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i would like to say thank you to all the poeple who took the time to gives me good advice and tricks very apprecited,thanks again.

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 02-01-2015, 01:22 PM
#6
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Many of the artisanal soaps don't dry as quickly as the commercial ones, in my opinion. You may want to consider getting one or two or three!  Biggrin
Also, try to practice palm-lathering to see if you can hydrate the soap you are using at the moment to see if that helps with the drying. 
Good luck. 

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 02-05-2015, 11:46 AM
#7
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Try a razorock shaving soap they work very well and last quite a while I've had your problem as I learn to use a straight 

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 02-05-2015, 03:44 PM
#8
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Lather your face in sections, not all at once since it's taking you a while to shave.  Better for it to sit in the brush than on your face.  Then add water to the brush before you lather up the next section on your face.

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 03-03-2015, 04:35 PM
#9
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I would recommend that you load the soap with a wet brush by swirling 30 times clockwise and then 30 times counterclockwise.  When you face lather or bowl lather splay the brush and add droplets of water to the middle of the brush.  This gives me best results especially so when the soap is a thirsty one.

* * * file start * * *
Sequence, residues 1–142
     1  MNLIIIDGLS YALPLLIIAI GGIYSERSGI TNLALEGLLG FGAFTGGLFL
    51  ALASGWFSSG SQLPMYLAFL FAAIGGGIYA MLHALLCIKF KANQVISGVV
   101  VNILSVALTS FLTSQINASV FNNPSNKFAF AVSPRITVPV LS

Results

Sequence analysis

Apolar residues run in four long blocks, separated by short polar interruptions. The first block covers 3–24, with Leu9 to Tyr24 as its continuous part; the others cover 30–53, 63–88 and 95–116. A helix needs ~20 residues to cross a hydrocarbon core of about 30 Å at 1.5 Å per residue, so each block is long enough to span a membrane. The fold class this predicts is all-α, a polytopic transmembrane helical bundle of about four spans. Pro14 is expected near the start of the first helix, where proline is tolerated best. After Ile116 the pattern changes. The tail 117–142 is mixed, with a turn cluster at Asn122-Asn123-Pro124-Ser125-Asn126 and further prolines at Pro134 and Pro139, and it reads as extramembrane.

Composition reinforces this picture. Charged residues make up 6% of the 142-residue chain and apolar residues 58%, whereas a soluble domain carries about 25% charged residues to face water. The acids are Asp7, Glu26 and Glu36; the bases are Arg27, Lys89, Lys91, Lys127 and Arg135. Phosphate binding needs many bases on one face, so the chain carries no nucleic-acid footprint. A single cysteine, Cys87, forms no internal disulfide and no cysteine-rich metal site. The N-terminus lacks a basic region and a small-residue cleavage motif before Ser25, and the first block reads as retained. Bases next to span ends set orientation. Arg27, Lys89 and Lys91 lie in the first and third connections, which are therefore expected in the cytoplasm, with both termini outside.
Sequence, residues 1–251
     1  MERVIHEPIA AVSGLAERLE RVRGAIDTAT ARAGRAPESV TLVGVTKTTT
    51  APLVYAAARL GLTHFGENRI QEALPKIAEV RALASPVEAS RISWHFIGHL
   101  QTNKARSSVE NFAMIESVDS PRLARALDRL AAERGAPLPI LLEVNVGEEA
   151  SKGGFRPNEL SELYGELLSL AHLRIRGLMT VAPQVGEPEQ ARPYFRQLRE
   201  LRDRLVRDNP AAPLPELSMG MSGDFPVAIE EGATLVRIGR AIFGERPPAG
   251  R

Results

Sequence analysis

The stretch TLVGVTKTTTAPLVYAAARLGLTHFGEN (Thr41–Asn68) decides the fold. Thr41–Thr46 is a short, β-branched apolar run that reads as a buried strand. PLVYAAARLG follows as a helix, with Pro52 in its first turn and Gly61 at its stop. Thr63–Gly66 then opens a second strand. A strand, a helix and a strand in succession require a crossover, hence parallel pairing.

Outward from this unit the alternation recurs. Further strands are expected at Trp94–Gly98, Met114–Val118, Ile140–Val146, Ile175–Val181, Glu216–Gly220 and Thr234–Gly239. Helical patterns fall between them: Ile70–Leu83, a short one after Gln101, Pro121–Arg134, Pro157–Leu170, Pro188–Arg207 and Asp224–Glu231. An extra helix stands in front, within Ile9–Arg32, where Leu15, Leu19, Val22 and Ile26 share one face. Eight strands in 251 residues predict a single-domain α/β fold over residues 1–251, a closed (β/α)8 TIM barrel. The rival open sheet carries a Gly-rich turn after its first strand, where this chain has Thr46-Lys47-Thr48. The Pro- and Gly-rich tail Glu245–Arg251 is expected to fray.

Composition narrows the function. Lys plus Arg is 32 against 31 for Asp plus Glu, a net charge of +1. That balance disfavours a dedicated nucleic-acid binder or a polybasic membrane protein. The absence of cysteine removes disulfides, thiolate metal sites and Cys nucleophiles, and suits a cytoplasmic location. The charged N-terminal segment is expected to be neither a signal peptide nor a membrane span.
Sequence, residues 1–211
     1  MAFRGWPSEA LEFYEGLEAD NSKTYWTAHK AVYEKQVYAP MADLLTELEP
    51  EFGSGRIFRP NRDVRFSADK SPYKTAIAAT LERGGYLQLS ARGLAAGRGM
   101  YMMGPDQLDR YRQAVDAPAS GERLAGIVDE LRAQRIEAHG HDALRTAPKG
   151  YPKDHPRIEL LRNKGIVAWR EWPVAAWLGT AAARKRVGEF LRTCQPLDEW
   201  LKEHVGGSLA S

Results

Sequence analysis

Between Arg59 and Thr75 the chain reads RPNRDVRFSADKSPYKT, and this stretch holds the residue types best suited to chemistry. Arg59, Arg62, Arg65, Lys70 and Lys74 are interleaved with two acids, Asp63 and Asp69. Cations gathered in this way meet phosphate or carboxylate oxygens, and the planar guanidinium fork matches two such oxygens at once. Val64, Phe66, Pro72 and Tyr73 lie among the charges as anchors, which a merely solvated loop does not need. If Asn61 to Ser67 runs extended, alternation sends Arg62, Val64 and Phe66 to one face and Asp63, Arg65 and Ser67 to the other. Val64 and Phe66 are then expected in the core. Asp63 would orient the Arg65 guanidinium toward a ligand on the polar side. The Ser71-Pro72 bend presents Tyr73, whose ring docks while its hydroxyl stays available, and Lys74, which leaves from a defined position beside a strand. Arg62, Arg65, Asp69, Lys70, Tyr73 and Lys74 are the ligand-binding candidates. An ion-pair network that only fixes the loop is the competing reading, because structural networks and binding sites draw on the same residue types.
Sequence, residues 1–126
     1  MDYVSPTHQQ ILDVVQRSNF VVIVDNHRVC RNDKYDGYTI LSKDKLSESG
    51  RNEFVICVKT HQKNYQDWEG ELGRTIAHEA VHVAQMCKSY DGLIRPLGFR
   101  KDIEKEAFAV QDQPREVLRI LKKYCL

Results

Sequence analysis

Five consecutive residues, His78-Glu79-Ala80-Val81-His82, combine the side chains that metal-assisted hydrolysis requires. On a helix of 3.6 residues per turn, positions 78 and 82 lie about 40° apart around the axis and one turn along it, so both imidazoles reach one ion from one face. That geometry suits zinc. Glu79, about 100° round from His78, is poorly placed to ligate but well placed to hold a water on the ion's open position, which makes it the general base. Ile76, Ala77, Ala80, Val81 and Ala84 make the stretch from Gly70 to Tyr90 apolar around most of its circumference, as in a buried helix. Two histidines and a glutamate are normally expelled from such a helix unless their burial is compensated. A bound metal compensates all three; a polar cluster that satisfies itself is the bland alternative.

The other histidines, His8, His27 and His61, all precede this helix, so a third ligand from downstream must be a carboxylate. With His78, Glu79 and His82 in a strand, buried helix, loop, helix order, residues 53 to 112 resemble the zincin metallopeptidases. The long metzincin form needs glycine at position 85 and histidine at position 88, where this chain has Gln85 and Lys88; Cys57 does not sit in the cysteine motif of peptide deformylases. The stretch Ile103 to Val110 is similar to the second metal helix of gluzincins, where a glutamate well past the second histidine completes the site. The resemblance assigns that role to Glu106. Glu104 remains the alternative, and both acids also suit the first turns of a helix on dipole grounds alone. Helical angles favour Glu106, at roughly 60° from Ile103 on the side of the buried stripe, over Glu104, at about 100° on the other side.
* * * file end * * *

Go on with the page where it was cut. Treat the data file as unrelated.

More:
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 03-03-2015, 04:51 PM
#10
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+1 on the "add more water" advice.  If your lather is properly hydrated, it should last for at least 8 minutes.  At least the ones I've used have, and I tend to take my time.

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 03-03-2015, 11:53 PM
#11
  • SRNewb
  • Senior Member
  • No. Va, USA
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(01-31-2015, 11:13 PM)ShadowsDad Wrote: DC, there is no rule stating that you can't refresh your lather in mid pass. There are places on my face where the lather dries but generally it's at the periphery where lather gets spread and I have no need of shaving. High on the cheekbones comes to mind. Too, our air right now is bone dry and the problem is made worse because of that. (I'm in Maine and we're bone dry right now too.)

But I also need to ask if you've practiced making lather to study it? It's quite instructive and while you may think it's a waste of soap, I assure you that it isn't since your face is worth far more than the small amount of  soap used. When practicing be sure to take the hydration of the lather too far and notice what happens. Any hydration level up to the point of the lather turning to froth is acceptable. Some soaps are better at wide ranging hydration levels than others.


Plus 10.